In the six essays that follow are introduced the individuals without whose unflagging effort none of these great ideas would have been realized: The Yamada brothers, Teruo and Mitsuo, who together run the Yamada Shomei Lighting Co., Ltd., from which Y.M.D. gets its name; Seiji Suzuki, who was instrumental in locating the production shops; Yoshihiro Iwanaga, who honed the advertising concept that delineated the 'playful spirit and courage' of the Y.M.D. line; Masaru Mera, whose admiration for the designer allowed him to capture both the sharp lines and human warmth of the products; Stephan and Grenata Fischer von Poturzyn and Kirk and Joyce Shimazu, the European and U.S. distributors who have made Y.M.D. an international brand; designer Takenobu Igarashi, the link between the traditional producer and the urban customer; and finally, the managers and artisans who have kept Japan's local and traditional industries going, and lent their traditions and skills to the Y.M.D. project.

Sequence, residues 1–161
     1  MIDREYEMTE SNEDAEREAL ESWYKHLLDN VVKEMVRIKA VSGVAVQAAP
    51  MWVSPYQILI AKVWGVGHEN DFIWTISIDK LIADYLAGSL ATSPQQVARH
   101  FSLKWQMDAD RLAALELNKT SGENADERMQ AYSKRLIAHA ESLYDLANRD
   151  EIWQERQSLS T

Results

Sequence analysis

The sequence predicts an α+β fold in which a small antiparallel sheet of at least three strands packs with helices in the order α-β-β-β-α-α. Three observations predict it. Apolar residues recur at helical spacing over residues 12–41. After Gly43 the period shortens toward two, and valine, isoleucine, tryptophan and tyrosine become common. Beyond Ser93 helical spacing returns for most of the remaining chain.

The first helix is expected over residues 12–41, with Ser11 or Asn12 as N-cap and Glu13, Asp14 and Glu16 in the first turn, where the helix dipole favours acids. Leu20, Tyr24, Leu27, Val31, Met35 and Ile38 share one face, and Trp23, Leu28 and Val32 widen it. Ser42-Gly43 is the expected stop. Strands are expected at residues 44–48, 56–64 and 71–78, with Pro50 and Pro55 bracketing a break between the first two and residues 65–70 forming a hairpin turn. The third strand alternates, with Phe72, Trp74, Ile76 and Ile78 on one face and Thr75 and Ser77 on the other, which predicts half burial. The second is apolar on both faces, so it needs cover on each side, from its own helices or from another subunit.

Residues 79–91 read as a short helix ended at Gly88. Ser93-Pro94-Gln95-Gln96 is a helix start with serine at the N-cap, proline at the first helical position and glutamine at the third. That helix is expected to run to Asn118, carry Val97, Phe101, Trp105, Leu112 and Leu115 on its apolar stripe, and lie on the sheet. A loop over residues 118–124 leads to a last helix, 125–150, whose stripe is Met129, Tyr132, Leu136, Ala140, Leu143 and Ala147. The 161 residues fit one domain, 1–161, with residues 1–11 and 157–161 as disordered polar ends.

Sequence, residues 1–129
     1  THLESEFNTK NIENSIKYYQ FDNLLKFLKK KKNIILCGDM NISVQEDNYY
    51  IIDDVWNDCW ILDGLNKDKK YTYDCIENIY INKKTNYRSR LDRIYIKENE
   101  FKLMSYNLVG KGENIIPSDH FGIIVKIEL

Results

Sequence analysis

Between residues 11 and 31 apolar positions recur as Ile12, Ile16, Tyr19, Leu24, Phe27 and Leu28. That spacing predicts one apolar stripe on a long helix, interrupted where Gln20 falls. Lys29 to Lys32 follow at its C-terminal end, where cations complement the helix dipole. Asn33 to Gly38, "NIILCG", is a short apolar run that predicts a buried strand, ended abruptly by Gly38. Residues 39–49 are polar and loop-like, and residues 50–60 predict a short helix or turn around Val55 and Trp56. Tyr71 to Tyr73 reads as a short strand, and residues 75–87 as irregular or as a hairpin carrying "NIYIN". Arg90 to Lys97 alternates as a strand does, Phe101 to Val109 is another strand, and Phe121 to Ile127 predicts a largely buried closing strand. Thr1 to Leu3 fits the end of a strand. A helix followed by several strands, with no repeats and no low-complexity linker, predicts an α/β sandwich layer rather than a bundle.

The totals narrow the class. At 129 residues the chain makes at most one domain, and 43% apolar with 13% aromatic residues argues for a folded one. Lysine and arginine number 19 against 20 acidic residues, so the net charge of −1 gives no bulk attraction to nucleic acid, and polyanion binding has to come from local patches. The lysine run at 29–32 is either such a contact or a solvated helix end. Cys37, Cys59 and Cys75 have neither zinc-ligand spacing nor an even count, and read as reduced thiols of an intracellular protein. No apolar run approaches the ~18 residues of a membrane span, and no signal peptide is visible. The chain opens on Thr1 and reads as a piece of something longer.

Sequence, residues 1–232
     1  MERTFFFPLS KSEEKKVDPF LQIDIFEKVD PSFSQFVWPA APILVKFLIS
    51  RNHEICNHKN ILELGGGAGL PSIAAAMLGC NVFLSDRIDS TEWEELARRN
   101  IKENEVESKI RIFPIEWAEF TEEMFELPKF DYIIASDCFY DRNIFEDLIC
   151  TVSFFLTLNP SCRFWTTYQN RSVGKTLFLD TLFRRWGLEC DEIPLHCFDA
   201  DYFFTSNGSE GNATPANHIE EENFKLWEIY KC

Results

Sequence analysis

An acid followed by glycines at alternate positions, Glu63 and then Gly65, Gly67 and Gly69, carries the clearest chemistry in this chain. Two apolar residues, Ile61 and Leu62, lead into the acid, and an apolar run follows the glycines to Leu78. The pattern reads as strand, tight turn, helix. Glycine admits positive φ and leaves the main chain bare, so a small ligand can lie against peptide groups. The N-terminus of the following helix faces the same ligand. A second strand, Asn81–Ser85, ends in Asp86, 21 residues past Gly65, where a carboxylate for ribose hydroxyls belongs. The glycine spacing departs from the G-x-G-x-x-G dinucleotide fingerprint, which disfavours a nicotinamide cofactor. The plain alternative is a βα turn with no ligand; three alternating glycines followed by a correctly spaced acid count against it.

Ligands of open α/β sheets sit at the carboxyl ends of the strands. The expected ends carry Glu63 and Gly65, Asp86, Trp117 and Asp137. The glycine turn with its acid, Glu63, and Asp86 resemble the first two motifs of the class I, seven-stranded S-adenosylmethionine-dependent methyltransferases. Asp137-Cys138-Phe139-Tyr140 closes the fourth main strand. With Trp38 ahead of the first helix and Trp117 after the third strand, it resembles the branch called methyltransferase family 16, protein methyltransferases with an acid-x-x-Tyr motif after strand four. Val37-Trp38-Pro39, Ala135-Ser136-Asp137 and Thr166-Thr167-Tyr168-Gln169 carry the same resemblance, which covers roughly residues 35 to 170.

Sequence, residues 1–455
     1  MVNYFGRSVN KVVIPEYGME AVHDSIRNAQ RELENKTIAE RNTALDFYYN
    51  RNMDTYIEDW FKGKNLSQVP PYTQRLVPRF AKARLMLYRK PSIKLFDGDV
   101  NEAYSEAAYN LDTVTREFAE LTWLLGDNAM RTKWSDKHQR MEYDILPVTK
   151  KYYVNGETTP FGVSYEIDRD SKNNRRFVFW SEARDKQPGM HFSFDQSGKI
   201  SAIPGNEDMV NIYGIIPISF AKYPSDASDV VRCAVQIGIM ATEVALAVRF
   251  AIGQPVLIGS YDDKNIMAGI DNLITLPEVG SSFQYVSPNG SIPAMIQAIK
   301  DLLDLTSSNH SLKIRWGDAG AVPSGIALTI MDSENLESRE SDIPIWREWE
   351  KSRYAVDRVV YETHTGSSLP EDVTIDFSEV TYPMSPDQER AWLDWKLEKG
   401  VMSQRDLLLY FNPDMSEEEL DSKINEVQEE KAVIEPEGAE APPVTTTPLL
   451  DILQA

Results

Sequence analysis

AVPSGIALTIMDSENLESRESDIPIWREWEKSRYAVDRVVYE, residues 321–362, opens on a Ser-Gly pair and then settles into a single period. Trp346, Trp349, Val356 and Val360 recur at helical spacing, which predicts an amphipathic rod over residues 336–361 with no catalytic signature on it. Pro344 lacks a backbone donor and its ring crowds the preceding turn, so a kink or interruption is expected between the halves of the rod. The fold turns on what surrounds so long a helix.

With what seems to be a generosity unattainable in many other professions, the craftsmen I met at all the workshops involved in this enterprise so carefully explained the parameters of their art that I began to imagine that working with one's hands naturally instills the desire and ability to educate others in the craft. In every case, and from both sides, the overwhelming impression I got concerning the collaborations detailed in this book--between Igarashi and every manufacturer; between the Yamada brothers and Igarashi; and, most surprisingly, between the distributors and the craftsmen, was of a mutual education--something so vital in this throwaway age.